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Best of Jerry Stickman

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Should you play crapless Craps?

11 March 2007

It seems to be a law of the gambling universe. If a casino promotes a game as better than the standard game, it is always worse - for the player that is, not the casino.

For those who are not familiar with the game of craps, there are two distinct phases in the game - the "come-out cycle" and the "point cycle." In the normal game of craps, a new shooter places a bet on the pass-line. He then gets the dice and proceeds to throw them down the table. The game is now in the come-out cycle. If he rolls a natural (a 7 or 11) he wins even money on his pass line bet. If he throws a craps (a 2, 3 or 12) he loses his pass-line bet.

If he throws a 4, 5, 6, 8, 9, or 10, this number becomes the "point" and the game is now in the point cycle. He now must throw the same point number before a 7 is thrown in order to win. If he throws a 7 first, he loses.

A few casinos are currently offering a variation of the game of craps called "Crapless Craps" or "Never Ever Craps." The casinos proclaim, "Never lose your pass line bet due to a craps number being thrown." I don't know about you, but I just hate it when my pass line bet is scooped up because a 2, 3, or 12 shows on a come-out roll. So these crapless craps games are a good thing, right?

Looking at the math of the standard game of craps, the player has a 2-to-1 chance of winning the bet on come-out instead of losing it. Here is the breakdown. There are six ways to throw a 7 (1-6, 6-1, 2-5, 5-2, 3-4 and 4-3) and two ways to throw an 11 (5-6 and 6-5) for a total of eight ways to win. On the other side of the ledger, there is one way to throw a 2 or 12 (1-1, 6-6) and two ways to throw a 3 (1-2, 2-1) for a total of four ways to lose. That makes it 8 ways to win and 4 ways to lose - or a 2-1 chance of winning a come-out decision rather than losing it.

Let's take a closer look at the crapless game. In this version, instead of losing your pass line bet when a craps number is thrown, that number becomes a point number. That is good - you don't immediately lose to a 2, 3, or 12, you have a chance to win on it. However the 11 - normally a pass line winner on come-out - also becomes a point number in a crapless game. In fact, the only way to win on come-out in a crapless game is by throwing a 7.

What do the added point numbers do to the house edge on a pass line bet? The house edge for a pass line bet in the standard game is 1.41 percent. The probability of making a point of 2 or 12 is 1-in-7. The probability of making a 3 or 11 is 1-in-4. Because you still only get even money for your pass line bet, the house edge for a pass line bet in a crapless game is 5.38 percent - almost four times the advantage. Now you know why casinos like to push crapless craps.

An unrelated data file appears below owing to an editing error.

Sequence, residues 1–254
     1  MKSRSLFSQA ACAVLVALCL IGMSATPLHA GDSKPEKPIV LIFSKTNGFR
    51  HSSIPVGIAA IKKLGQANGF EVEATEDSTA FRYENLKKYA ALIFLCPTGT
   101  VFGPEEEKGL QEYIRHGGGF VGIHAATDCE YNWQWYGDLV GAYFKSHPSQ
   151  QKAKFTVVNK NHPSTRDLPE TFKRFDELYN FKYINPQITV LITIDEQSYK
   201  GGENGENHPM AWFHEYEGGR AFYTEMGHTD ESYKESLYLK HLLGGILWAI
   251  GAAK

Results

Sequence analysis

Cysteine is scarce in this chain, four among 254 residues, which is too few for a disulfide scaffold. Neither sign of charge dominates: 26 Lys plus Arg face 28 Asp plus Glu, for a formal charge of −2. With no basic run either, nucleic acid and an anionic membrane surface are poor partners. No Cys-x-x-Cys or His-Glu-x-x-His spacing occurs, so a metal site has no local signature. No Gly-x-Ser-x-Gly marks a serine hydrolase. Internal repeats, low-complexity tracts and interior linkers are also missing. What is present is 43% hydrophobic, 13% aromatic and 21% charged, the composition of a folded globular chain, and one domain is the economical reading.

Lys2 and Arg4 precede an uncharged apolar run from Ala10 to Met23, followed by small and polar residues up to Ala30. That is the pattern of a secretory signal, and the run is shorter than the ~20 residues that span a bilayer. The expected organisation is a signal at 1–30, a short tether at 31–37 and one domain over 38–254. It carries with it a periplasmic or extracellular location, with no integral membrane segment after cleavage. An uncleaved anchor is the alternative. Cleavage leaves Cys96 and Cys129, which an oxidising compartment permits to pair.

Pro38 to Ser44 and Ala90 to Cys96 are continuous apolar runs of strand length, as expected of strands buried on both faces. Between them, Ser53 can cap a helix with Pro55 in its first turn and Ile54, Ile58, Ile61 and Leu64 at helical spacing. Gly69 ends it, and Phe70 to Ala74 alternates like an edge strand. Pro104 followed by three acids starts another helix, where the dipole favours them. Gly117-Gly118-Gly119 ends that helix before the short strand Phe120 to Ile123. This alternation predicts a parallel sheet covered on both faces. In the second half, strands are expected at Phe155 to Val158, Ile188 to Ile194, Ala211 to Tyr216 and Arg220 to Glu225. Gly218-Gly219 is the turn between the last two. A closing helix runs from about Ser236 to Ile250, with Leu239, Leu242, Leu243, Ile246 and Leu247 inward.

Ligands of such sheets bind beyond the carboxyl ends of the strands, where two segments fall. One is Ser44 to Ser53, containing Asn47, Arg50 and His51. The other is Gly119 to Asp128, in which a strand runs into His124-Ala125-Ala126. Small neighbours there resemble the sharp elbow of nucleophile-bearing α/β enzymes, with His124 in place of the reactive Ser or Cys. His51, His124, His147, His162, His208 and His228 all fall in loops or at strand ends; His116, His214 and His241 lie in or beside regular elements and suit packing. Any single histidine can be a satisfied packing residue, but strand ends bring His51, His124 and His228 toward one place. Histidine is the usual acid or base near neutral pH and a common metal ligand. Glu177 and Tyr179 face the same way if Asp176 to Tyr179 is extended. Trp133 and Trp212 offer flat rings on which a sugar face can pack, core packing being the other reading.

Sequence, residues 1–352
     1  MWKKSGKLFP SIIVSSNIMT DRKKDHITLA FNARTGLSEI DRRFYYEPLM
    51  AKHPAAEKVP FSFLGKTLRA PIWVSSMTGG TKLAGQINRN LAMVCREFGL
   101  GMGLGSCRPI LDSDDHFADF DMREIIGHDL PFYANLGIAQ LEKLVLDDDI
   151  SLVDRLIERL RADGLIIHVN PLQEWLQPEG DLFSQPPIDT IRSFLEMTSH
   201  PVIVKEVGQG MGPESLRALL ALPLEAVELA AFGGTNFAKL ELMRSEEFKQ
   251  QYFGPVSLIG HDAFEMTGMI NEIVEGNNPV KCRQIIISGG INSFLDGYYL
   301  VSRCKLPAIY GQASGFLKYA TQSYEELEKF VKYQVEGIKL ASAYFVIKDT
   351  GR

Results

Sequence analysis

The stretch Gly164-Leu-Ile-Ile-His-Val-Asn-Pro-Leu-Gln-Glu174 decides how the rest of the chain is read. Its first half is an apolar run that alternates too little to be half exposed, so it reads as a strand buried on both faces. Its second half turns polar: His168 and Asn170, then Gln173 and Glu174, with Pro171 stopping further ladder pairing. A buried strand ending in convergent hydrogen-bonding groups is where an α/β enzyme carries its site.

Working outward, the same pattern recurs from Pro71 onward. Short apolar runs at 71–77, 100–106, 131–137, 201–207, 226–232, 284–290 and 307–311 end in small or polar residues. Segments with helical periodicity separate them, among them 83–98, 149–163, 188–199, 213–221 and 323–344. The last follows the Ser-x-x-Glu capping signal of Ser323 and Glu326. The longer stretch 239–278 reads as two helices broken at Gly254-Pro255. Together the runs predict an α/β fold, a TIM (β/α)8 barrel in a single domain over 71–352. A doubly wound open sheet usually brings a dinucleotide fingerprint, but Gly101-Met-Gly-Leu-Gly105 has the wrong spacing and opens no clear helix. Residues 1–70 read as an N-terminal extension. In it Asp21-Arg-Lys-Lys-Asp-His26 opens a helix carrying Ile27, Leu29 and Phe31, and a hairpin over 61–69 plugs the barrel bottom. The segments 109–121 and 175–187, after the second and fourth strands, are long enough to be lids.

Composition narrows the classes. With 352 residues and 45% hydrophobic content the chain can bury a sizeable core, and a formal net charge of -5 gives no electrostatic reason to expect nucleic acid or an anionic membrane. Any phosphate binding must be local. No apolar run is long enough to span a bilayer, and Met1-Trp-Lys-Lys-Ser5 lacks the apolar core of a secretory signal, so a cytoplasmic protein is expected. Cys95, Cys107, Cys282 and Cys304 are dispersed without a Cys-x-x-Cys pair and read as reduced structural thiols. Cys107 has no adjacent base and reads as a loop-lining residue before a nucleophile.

If you are like most gamblers, you expect to lose while playing craps. The occasional wins you capture give you great joy and excitement, but in the long run you expect you will lose. However, you chalk up your losses as the cost of entertainment in the pursuit of those exciting wins. If you can just play for four hours, or six or even eight hours a day and only lose what you feel is a reasonable amount, you are happy.

As stated previously the house edge for a pass line bet in crapless craps is almost four times that of the standard craps game. To put it another way, the fun you have at the tables you will last only 25 percent as long at a crapless craps table if you only bet pass line bets. Clearly this is not better for the player that the standard craps game. But there are ways to reduce your losses and extend your playing time at a crapless craps game.

Next time I will look into a better way to play crapless craps.

Recent Articles
Best of Jerry Stickman
Jerry Stickman

Jerry "Stickman" is an expert in dice control at craps, blackjack, advantage slots and video poker. He is a regular contributor to top gaming magazines. The "Stickman" is also a certified instructor for Golden Touch Craps dice control classes and Golden Touch Blackjack's advantage classes. He also teaches a course in advantage-play slots and video poker. For more information visit www.goldentouchcraps.com or www.goldentouchblackjack.com or call 1-800-944-0406 for a free brochure. You can contact Jerry "Stickman" at stickmanGTC@aol.com.

Jerry Stickman Websites:

www.goldentouchcraps.com
www.goldentouchblackjack.com
Jerry Stickman
Jerry "Stickman" is an expert in dice control at craps, blackjack, advantage slots and video poker. He is a regular contributor to top gaming magazines. The "Stickman" is also a certified instructor for Golden Touch Craps dice control classes and Golden Touch Blackjack's advantage classes. He also teaches a course in advantage-play slots and video poker. For more information visit www.goldentouchcraps.com or www.goldentouchblackjack.com or call 1-800-944-0406 for a free brochure. You can contact Jerry "Stickman" at stickmanGTC@aol.com.

Jerry Stickman Websites:

www.goldentouchcraps.com
www.goldentouchblackjack.com